Homeless in San Francisco: Day Twenty-Four

24 Sep

“…we switched on the light — doped with fatigue and despair — to see the bed aswarm with escaping bedbugs like a hundred maddened crocodiles fighting frantically in a small pool of boiling water.” — Ned Rorem, Paris Diary

I read Rorem’s account of bedbugs years ago.  I was a precocious reader at a young age, equally at ease with James Fenimore Cooper, Charles Dickens, Victor Hugo and Patrick Dennis’s entertaining fiction Little Me.  Of course, I did not understand everything I read; Hesse was a fascinating but daunting challenge.  Rorem did not appear during those early years.  The passage from Paris Diary about his experiences with bedbugs is the only passage I still remember from that book.  Who can forget a description of this kind, with the hallucinogenic qualities of a story of Poe, another one of my childhood favorites.  Still, I was not even close to a living knowledge of Cimex lectularius.

While living in my first San Francisco building upon my return to the city I learned a great deal about the bug.  Probably a third or more of the units at 50 Golden Gate Avenue became infested.  Neighborly gossip pinpointed its introduction to a single apartment unit, much as Patient Zero functioned as a fanciful explanation for the origin of HIV/AIDS.  Of course, Bedbug Zero was slovenly and non-caring; he, in fact, was quite comfortable living with them.  He refused to allow his apartment to be sprayed, evidence enough of his disdain for the other tenants.  But perhaps the greatest disdain was actually evinced by the building manager Shaughn.  She did her duty, calling in the exterminator every time a reported incidence of infestation occurred.  We knew, though, that poisonous spraying did nothing to kill eggs, nor eradicate the presence of their adult kin within walls.  A few of us banded together and became proactive.  Diatomaceous earth was purchased and laid out around beds and along every crevice.  I put it outside the door to the apartment, the white powder hinting at Christmas on a ratty, soiled red carpet.  This incensed Shaughn who complained the substance broke vacuums.  Her real reason, though, for complaint was the nuisance it caused as she showed empty apartment units to prospective tenants, including the unit around the corner that had become infested and driven out our neighbor.

By the time I moved away I could sigh with relief that I had escaped bedbugs.  In another three months that unit was hit.  I realize today I was simply lucky.  I should have thought about my luck the day I was introduced to Hotel Kinney.  The building manager mentioned that the mattresses in my assigned room were covered in plastic to prevent bedbugs.  His words did not register appropriately.  Had I looked at those mattresses I would have seen torn plastic covers and known the danger was not over.  This past week I received a single bug bite.  I did not think about it since I have been bitten by spiders during my sleep, and, after all, when I had seen bedbug bites on other people they appeared in profusion, a feast of Thanksgiving Day proportions.  When I removed the bedding to launder, I took notice and made a report.  That was followed by a spraying not just in my room alone, but also several other units.  The following day I woke with bites over ankles, arms and neck.  This time, my bedding was put in plastic and new bedding was issued.  The room was sprayed again.  Still, the plastic covers remain torn.  I have put diatomaceous earth along all baseboards and encircled all furniture legs, an action that was not advised by the manager.  The lines are now drawn for what promises to be a protracted battle.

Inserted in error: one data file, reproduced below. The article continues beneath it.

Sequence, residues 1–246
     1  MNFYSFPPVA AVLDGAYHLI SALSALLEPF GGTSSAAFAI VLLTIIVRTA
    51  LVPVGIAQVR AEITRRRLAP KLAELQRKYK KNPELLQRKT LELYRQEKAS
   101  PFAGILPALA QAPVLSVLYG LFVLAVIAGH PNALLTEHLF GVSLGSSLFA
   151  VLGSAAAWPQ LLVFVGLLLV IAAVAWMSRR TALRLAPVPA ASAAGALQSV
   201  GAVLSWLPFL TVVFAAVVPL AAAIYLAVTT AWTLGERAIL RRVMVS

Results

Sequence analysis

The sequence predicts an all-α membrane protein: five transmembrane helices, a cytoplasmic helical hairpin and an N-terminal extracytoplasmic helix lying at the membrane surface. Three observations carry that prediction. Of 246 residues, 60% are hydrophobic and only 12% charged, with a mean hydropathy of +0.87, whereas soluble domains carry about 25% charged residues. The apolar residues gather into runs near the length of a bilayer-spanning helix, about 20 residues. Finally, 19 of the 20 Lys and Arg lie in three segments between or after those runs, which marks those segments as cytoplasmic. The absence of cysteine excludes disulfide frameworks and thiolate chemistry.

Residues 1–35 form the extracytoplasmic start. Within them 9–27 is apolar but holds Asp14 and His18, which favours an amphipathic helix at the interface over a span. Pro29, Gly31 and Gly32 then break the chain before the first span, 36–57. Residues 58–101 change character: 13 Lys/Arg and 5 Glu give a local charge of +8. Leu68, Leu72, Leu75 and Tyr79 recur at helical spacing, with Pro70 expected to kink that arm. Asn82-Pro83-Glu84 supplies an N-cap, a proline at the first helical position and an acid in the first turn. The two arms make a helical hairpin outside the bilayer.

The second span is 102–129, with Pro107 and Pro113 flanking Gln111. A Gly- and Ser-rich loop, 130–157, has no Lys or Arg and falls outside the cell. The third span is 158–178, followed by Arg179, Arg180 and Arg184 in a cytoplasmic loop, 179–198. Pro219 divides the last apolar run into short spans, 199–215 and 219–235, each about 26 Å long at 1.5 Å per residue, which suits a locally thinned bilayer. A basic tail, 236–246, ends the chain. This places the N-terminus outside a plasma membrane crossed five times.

Untitled photograph, wheat-pasted posters on a wall in the Mission, 2008.

One Response to “Homeless in San Francisco: Day Twenty-Four”

  1. Matanglawin September 27, 2011 at 2:37 am #

    Hi Dave,
    I am not sure if I could post the pictures I took last Sunday. But I think its not possible to do that. 😦

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